Interview with Author Kenneth D. Maness

My guest today is Kenneth D. Maness.  Hello, Kenneth!  Welcome to Writing in the Modern Age!  It’s such a pleasure to have you here.

Can you tell us a little bit about your book? When did it come out? Where can we get it? The Lock is told from multiple views, roughly following a chronological path. The characters introduced in Desire: The Key continue in this second installment of the trilogy, though perspective shifts somewhat from the introductory novel.

The story provides a clear divergence from "traditional" Vampire tales. It does not shy away from some of the less glamorous or attractive aspects of the creatures.

We released Desire: The Lock on October 1, 2013, about 18 months after The Key.  It's available in Kindle format on Amazon and also there or via the CreateSpace store in paperback.  It's also being sold in independent bookstores, to include The Book Spot (Round Rock, Tx).

Is there anything that prompted your latest book ? Something that inspired you?

The Desire Trilogy is a story that basically forced itself onto paper. I'll not have rest until it's been told and as many people as possible have the opportunity to read it. While it's not a simple and direct plot, I've found that's the way life is, and fiction needs to emulate life in order to be taken seriously. It's certainly fantasy, yet, provides enough background justification and realistic situations to give a reader entertainment with only minor suspension of disbelief.

Great!  So, when did you know you wanted to write?

Or has it always been a pastime of yours?

I've always been a storyteller. There's an art and a style to crafting a story I'm comfortable with. I receive a great satisfaction when an audience is both entertained and enlightened, not necessarily by me so much as the story I'm providing them. Writing has been a subtle adaptation of my spoken storytelling in which that inner voice speaks through the written word.

I've always enjoyed reading, though works tend to meld together in my mind. I've never been one to accurately quote authors or works without research, but reading has certainly helped to mold my stories into better tales.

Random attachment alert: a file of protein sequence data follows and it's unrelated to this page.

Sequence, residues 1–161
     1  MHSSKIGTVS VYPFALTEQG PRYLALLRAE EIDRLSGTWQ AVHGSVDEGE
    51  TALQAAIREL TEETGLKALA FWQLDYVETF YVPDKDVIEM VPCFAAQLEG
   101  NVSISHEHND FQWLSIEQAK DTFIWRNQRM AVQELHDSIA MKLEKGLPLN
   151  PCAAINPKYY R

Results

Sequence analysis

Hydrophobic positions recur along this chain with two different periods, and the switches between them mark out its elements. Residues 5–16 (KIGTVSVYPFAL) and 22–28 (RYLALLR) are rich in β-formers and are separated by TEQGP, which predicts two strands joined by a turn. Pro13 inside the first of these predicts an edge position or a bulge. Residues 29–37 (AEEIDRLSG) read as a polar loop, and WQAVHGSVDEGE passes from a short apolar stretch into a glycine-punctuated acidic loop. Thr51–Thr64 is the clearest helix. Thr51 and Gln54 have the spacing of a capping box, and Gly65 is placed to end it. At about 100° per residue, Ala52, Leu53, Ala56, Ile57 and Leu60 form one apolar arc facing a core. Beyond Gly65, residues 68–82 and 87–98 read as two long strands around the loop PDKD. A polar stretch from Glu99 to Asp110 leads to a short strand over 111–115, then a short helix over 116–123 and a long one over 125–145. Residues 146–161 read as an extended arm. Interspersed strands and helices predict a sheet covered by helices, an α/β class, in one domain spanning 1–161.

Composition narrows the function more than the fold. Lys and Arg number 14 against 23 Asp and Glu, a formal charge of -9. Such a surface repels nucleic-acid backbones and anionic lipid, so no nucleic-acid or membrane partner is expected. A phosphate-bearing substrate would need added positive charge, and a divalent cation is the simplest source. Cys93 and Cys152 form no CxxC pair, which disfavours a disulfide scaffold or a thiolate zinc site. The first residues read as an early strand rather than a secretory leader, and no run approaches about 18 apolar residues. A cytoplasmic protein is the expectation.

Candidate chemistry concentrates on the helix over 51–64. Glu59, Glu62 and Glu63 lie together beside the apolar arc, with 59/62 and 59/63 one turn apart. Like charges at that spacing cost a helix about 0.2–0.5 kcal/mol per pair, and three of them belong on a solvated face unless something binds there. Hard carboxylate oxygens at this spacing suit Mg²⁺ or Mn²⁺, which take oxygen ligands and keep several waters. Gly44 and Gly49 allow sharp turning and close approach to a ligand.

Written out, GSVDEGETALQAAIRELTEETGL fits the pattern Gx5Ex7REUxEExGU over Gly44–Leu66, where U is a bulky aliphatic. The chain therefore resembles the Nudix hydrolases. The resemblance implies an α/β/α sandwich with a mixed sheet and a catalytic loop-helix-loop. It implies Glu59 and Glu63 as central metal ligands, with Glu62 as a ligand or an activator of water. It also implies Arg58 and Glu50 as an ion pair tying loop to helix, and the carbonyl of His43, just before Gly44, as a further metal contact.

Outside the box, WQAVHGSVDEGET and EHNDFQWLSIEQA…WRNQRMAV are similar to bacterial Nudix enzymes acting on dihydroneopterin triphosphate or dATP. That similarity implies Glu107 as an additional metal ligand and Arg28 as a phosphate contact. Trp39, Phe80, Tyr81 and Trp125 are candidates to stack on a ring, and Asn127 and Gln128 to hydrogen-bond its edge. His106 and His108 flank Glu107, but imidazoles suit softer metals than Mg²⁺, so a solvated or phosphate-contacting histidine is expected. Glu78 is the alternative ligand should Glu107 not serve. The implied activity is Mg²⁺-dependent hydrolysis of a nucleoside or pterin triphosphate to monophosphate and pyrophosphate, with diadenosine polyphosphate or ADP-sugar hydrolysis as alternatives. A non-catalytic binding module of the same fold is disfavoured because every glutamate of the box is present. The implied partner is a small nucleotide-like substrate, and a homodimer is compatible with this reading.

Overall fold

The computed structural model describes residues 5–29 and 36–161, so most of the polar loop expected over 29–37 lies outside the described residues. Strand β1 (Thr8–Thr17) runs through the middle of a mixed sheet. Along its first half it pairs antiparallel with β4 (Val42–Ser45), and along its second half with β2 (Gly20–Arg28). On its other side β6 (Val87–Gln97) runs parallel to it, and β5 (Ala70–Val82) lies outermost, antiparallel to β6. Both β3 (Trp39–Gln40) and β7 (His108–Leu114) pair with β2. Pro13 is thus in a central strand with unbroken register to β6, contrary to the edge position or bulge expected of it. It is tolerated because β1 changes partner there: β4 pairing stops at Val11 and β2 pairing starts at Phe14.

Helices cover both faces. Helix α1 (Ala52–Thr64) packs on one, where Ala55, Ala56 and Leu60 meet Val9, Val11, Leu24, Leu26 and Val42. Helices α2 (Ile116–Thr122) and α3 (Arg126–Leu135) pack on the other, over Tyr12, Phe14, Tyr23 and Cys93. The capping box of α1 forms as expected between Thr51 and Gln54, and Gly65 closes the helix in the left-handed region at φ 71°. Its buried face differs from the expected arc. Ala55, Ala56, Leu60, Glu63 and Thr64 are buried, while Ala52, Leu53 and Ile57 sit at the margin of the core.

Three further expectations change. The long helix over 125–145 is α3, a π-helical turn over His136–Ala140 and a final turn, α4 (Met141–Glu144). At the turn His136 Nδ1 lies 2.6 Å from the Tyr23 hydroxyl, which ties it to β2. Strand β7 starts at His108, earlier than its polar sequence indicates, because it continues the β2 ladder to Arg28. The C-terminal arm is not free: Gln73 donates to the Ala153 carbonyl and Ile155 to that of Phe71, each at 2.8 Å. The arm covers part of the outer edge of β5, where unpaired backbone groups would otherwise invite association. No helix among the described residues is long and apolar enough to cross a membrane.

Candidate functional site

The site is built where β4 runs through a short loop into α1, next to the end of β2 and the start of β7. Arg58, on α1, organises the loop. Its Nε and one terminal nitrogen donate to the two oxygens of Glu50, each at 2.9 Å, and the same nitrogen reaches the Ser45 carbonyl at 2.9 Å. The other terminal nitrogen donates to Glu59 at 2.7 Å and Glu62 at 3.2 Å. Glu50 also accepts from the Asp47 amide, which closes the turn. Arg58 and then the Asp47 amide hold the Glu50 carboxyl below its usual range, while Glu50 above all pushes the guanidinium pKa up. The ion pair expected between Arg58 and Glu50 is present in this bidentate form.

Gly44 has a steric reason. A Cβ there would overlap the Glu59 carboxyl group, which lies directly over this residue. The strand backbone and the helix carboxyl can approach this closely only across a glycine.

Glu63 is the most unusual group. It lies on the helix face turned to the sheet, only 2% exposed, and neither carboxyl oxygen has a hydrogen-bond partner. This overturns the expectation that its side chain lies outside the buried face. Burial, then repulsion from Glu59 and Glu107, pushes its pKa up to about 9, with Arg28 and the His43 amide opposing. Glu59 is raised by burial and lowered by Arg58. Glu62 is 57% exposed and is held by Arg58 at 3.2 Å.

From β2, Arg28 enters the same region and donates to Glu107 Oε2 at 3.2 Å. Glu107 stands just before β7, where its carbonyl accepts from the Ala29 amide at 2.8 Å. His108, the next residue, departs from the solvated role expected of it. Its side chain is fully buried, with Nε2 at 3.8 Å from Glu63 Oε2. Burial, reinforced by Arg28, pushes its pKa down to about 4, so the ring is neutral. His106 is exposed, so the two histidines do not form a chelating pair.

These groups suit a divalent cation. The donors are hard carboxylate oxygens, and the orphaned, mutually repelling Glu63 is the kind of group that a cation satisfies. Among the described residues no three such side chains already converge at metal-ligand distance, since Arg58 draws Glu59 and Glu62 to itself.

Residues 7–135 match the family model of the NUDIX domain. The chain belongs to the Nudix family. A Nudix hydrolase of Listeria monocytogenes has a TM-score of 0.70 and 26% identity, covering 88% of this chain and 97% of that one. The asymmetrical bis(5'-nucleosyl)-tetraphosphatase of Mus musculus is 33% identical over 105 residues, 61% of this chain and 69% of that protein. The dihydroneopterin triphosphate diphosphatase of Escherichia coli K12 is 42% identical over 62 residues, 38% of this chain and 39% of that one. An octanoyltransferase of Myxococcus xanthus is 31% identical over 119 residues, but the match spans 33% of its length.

Do you have any favorite authors?

Anne McAffrey Piers Anthony, J.R.R. Tolkien, Stephen R. Donaldson, and Stephen King immediately come to mind, though there's certainly a long, long list with more than a few "lesser knowns" (like H. Warner Munn) thrown in there.

Do you write in a specific place?  Time of day?

I would like to say, "I write wherever I happen to find myself, when the mood hits", however life has a way of getting in the way. I usually write between 10pm and 2am, when the rest of the world stops calling. I'll write in a chair or in bed, depending on my mood or comfort. Writing without having to look at the clock allows my mind to better explain scenes or plot tools.

I've tried to block entire days to only write, but find my mind just isn't into it. Instead I end up playing a game or watching a movie or (how horrible) watching a mindless television program. Then, after most of the "dedicated day" is gone, I end up looking at what I wrote and trashing it. The material that actually survives tends to have come from the "regular" late-night or early-morning sessions.o you have any favorite authors?
Do you have any favorite authors?

are there any words you'd like to impart to fellow writers?  Any advice?Are there any words you'd like to impart to fellow writers?  Any advice?
are there any words you'd like to impart to fellow writers?  Any advice? a

Gather your very own Epic Reading Group (ERG)! I call my Beta Readers this, as what they provide transforms what I might consider good into something great, or, "epic". This is a group of trusted friends who can be, and are, brutally honest. Personally I've been blessed with a variety of group members: non-readers, subject matter experts, novice participants, and even grammar "Nazis".
Before I send the work to my line editor, the ERG hears the work and provides immediate feedback. I'm not obligated to make suggested changes, but it's essential I see the work as seen through my readers' eyes.